12. Laura.miller67@yahoo.cim'
    Laura says:

    My heart goes out to all of you and I do feel your pain . I have been with an “N” for 6 Years and I keep seeing his true colors. We have broken up and gotten back together too many times. Anyway, please don’t hesitate to contact me if I can help with or listen. I am very educated with this and I would love to try and help you with your situation. Maybe we can help each other 🙂

    Terra says:


    I’m very glad that I’ve found this article. Because I’ve encountered this behavior for the first time in my life and I don’t quite know how to deal with it…. it is one of my husband’s daughter from his previous marriage. The girl is 26 yrs. Often I see all the points described in the article, and even strongly in # 5 and 8. I’ve tried to my husband, but it always turned out like I’m making these observations up. He had experienced a difficult marriage from previous marriage, the ex-wife is one nut case in this regard and the apple doesn’t fall far from the tree.

    I’m wondering how to talk to my husband or even approach him about what I saw in the daughter’s behavior and so he doesn’t get taken advantage of and that doesn’t cause us fights. Please help!

    It makes me feel good that I’m not making these things up.

    kosmos says:

    Yeh, if I had read these descriptions about what its like to be with (and recover from having been with) a narcissist I never would have really believed it could be that full on. But I just came out of one that lasted 3 years. I am also intrigued by how prevalent it is in society. It actually must be far more prevalent in women. Men are brought up in their pack and punch each other into line for this kind of thing. Narcisist males come from privaldeged families. But the narcisisst women come from broken families. Is something in that deep down in their core they dont believe in love anymore but they want to survive and to be ambitious and the utility of their vagina is far too powerful for them to ignore. They use it in every sense from flirtation to switching and swapping boyfriends depending on what job(s) they need done for their own selfish ambitions. This girl before me needed a carpenter to help build her veterinarian clinic – Guess what? Carpenter boyfriend for 6 months eactly the beginning and end of the construction of the clinic.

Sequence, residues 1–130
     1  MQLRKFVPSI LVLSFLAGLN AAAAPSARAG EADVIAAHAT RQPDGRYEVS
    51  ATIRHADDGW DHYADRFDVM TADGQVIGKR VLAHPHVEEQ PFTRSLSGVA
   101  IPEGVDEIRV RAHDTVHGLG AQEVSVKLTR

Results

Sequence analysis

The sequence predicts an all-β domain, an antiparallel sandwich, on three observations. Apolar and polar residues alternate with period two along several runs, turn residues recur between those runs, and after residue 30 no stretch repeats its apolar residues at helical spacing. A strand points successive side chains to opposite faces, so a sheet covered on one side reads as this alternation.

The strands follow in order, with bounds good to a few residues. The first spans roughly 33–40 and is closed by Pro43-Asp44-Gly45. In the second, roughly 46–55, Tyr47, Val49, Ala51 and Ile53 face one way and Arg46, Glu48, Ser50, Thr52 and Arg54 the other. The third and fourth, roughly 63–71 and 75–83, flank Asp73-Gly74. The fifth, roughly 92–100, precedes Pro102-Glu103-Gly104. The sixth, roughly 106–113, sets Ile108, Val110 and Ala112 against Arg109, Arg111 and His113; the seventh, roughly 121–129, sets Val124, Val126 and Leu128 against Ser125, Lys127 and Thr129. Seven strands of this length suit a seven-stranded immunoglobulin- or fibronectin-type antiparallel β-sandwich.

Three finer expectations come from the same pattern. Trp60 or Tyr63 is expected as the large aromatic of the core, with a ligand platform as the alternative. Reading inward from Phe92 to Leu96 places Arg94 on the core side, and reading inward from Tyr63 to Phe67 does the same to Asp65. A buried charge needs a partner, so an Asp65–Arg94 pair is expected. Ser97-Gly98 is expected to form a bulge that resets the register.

and so on…in every example as a woman in her 30s how she is operating. And yes she has every single trait and behaviour of the NPD girlfriend that is described everywhere on the net, its like everyone has met the same person, the accuracy of the description knocks you over how a personality disorder could be so well defined such as the case of this one same NPD woman that every victim of her on the net is talking about.I feel like we all married the same woman.

    Meagan says:

    This post has helped me cope. I was with my daughters dad for 4 years. Everything I ever told him he has tried to make public I am now in a custody battle with him. They can not accept the judge will not give him custody of our child. He lies and cheats. He made a public announcement that I abuse our child because she came home one day from daycare with a bruise from where a little boy bit her. Then called child services. Its hard not to play these games back but I keep I in mind he’s not a normal person.

    Nicole says:

    I spend 7 yrs married to a man with severe NPD. It was easy to get sucked in because I was in a bad place in my own life. After our daughter was born things got weird. He wanted more kids, which I didn’t want. Then I had our twin boys, and things got worse. The drinking which was my fault, him not happy with his job, my fault, everything about me was wrong. I was a bad mother, wife daughter, and professional. Even my job as a teacher was questioned, and I began to question myself. I tried to leave 2 times, but got sucked back into his lies of things will be better. Then the hiding the booze started, and finding reason to blame me and accuse me of having an affair. This all leading to him acting out physically on one of the twins at 2 1/2 years old. I got the hell out and headed to the police then to court for a restraining order then to a divorce attorney. After a long battle, I’ve been free from the marriage for almost 4 yrs.. Unfortunately my kids still have to deal with him. But my and their saving grace is that my parents and I my wonderful boyfriend helps keep them balanced and grounded.